“DUDE, calm down! We—we use them as target practice, I—I didn’t think—I didn’t even see you under the pillows—they’re already dead; they’re not alive, I—I didn’t kill them,” he rambles.

            “What in the hell is going on in here—?” A girl stomps into my living room.

            I don’t say anything. I don’t feel anything.

            “What did you do?” she asks the boy, after seeing my face and my huddled, frozen family. She’s taller and leaner than the boy, but they look alike. “Are you wasting bullets again?”

            He rests the shotgun against the fireplace. “Look—I’m sorry, I didn’t think there was anyone in here,” he says.

            Of course there was, they had been sitting right in front of him. “Get out.”

             “Well, I see you’ve met my brother, Nash,” she says dryly. In a long black fur coat and grey camo pants, she’s a stark contrast to her brother. He’s wearing a too-small bright blue snowsuit and a dirt clad Christmas beanie.

             “My name is Jamie,” she says. “You’re Brian, right?”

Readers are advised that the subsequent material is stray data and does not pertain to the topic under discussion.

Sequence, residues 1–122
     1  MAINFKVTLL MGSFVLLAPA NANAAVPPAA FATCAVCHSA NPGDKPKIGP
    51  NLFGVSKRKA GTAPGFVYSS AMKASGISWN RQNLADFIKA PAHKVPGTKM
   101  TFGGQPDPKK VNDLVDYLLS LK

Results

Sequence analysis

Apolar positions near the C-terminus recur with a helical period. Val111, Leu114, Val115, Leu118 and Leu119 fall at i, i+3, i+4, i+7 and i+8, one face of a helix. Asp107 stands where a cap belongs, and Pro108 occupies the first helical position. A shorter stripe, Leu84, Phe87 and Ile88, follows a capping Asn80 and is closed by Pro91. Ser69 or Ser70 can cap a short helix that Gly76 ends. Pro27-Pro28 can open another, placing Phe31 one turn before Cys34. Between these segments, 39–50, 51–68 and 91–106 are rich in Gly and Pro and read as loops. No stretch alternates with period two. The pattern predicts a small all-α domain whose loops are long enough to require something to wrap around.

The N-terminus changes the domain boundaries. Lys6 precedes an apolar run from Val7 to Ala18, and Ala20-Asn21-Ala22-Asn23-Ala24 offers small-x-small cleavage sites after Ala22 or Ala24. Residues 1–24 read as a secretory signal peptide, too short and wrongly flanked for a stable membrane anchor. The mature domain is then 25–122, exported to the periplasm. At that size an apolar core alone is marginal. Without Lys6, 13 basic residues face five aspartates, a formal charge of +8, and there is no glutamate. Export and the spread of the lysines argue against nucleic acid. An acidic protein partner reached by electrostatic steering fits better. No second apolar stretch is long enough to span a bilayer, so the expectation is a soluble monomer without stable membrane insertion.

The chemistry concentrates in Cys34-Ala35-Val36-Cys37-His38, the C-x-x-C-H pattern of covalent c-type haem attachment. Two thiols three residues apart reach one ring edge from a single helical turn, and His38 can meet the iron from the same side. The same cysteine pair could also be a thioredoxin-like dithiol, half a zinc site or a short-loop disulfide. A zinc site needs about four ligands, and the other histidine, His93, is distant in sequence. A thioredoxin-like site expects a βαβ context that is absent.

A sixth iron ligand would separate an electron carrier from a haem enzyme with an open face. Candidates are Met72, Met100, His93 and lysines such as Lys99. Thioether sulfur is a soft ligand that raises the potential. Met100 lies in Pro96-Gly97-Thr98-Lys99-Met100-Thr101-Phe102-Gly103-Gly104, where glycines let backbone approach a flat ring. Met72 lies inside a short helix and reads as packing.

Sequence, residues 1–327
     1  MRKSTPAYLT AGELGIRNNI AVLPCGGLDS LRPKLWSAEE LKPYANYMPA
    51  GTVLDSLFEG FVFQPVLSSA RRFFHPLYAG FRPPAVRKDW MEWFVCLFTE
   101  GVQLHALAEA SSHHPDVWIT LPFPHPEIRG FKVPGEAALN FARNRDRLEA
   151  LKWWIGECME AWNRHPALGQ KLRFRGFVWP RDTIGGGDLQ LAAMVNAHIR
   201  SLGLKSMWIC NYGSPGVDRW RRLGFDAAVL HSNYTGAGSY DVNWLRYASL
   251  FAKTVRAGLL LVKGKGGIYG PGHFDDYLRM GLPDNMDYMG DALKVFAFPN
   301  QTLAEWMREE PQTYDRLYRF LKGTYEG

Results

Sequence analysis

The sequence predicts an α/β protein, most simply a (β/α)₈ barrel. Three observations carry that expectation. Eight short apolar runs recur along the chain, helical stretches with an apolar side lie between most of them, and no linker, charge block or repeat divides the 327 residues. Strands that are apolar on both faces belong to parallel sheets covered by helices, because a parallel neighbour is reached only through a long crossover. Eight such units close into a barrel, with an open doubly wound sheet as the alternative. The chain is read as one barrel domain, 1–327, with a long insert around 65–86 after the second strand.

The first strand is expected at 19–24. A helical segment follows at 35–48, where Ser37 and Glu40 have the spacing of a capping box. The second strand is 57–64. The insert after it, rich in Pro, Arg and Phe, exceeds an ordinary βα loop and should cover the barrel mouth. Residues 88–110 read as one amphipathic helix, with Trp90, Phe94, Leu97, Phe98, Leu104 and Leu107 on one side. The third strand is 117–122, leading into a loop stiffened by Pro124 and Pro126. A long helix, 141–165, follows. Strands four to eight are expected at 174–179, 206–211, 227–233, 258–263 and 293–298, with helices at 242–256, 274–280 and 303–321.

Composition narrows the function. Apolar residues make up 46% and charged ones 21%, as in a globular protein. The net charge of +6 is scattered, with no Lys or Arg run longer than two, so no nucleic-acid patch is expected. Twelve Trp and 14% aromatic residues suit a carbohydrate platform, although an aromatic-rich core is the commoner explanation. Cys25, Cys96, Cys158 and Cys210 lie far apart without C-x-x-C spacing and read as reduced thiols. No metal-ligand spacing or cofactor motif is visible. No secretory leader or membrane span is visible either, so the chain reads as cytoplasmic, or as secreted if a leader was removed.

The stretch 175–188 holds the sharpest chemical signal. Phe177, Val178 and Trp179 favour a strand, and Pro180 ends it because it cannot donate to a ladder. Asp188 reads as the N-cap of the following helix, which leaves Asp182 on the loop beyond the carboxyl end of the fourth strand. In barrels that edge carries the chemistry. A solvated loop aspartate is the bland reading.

“Well Nash here just killed my brother so I don’t care who you are. Leave,” I say. Except I’m not sure I want them to.

            “You know this kid?” Nash asks Jamie. He’s picked up his shotgun again.

            “Yeah he’s Kat’s boyfriend,” she says.

            “Ex-boyfriend,” I mumble. I recognize her now as Katherine’s neighbor.

            Jamie raises her eyebrows, but I don’t want to elaborate on Kathy’s abandonment.

            “She left.” I leave it at that.

            “Why are you still here?” Nash asks. I look down at all the pieces of Caden.

            “When did they freeze?” Jamie asks me, clinically, like she can diagnose a recovery.

            “Two weeks ago, they were on the shore when the Pacific froze over.”